The U.S. Census Bureau on Oct. 28 reported that new orders for manufactured durable goods in September increased $1.6 billion or 1% to $165.7 billion. This was the second increase in the last three months. This followed a 2.6% August decrease.
Excluding transportation, new orders increased 0.9%. Excluding defense, new orders increased 0.5%.
Machinery, up five of the last six months, had the largest increase, $1.7 billion or 7.9% to $23.4 billion.
"The September report on new orders for long-lasting manufactured goods complements other recent data in painting a picture of a weak-kneed economic and manufacturing recovery," said Cliff Waldman, Economist for the Manufacturers Alliance/MAPI."Total new orders, excluding the volatile transportation component, were up by nearly 1% in September but remain more than 20% below year-ago levels. And the data for key supply chain industries are disappointing. Machinery demand rose by nearly 8% during September. But this only compensates for weak machinery activity during the past two months while demand remains nearly 30% below year-ago levels.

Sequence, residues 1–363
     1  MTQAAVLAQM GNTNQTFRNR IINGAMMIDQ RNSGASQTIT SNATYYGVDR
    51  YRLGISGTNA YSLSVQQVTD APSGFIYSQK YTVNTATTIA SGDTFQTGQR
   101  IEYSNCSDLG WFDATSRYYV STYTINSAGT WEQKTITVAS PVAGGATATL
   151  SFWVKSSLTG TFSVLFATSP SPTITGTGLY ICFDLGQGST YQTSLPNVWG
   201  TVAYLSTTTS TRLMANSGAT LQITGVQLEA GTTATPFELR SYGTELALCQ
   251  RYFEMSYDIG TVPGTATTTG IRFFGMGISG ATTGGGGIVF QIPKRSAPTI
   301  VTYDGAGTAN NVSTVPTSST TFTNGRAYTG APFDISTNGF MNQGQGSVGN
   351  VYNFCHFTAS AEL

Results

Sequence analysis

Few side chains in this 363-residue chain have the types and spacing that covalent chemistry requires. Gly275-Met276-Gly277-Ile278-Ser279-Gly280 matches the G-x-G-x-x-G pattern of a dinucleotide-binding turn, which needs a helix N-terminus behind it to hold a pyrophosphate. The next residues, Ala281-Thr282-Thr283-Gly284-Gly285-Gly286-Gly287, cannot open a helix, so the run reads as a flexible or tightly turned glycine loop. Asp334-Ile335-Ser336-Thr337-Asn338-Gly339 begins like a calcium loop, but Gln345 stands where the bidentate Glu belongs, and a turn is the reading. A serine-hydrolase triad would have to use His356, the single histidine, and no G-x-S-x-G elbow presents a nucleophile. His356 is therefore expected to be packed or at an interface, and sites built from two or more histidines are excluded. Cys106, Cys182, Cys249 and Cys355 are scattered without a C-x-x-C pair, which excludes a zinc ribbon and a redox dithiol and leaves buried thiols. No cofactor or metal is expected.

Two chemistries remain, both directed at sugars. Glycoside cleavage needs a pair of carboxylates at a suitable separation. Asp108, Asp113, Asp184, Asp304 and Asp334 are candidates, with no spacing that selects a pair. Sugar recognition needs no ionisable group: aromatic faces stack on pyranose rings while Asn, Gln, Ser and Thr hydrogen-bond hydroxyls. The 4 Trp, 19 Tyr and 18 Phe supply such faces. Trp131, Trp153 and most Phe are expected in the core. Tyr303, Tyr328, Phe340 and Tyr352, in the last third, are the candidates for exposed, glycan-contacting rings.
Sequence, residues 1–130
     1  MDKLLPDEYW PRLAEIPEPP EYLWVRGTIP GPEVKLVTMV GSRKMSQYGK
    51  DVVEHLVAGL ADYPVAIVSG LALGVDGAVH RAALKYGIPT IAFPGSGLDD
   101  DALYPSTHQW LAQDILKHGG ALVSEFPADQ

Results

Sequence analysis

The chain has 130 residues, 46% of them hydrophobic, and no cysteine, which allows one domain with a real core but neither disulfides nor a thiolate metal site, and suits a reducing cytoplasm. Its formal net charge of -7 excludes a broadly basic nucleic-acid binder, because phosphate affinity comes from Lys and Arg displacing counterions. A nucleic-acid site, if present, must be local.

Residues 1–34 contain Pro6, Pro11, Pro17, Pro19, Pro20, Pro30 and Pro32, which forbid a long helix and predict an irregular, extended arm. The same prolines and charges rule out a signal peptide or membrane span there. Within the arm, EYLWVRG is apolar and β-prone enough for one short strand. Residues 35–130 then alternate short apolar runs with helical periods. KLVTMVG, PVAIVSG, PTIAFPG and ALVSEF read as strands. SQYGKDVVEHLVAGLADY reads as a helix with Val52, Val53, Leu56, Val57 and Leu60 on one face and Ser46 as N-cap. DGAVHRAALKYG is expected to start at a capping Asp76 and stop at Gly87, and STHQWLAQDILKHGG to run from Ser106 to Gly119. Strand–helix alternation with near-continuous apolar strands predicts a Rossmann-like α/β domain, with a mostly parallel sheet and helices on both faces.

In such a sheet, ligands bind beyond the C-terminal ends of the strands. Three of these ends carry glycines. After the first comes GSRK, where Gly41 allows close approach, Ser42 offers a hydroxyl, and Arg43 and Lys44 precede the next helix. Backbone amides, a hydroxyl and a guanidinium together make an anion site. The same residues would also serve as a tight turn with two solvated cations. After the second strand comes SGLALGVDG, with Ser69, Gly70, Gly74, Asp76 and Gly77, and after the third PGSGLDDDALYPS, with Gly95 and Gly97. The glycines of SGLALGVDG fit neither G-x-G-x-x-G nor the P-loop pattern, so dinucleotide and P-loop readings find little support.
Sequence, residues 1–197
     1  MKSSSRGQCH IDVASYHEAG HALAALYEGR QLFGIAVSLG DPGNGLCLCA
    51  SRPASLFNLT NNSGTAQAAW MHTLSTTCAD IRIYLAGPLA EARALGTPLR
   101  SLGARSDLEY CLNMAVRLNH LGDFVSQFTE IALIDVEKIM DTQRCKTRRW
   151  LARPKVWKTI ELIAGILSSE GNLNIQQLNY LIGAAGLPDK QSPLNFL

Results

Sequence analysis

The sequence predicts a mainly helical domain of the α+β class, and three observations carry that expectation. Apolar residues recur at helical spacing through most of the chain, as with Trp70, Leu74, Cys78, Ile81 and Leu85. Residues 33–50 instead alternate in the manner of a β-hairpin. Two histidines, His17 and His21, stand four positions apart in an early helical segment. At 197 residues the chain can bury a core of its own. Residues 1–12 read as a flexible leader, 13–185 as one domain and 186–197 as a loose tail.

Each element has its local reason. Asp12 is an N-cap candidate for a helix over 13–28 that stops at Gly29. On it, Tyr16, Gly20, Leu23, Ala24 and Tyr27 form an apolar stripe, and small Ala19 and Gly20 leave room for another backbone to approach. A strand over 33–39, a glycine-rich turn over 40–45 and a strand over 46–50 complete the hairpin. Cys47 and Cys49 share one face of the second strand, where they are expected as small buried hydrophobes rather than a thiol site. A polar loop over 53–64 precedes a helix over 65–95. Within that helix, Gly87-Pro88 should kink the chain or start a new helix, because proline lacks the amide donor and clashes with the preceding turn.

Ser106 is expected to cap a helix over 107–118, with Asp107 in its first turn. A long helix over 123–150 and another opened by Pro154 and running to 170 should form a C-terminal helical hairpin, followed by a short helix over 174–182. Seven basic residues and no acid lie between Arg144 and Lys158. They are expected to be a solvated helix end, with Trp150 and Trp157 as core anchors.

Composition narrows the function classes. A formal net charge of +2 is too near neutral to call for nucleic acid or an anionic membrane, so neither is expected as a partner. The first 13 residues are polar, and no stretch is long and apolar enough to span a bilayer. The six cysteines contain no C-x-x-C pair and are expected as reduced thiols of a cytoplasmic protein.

"Further, activity was nearly flat in the primary and fabricated metals sectors, which should, at this point, be showing more convincing strength if a normal factory sector recovery were in progress," he added. "Encouragingly, new orders for nondefense capital goods excluding aircraft, a proxy for business equipment spending, rose by a sharp 2% but only after two months of decline. Clearly, the more than 7% annualized gain in manufacturing output during the third quarter was driven by a leveling in what has been a rapid inventory liquidation, an output catalyst that will likely continue through the end of the year.
"The outlook for 2010 remains clouded, however, by fundamental issues in key drivers of sustainable demand. Historic excess capacity will be an impediment to a business investment turnaround while a soft global economic rebound will likely preclude a strong recovery in overseas sales of U.S. manufactured goods."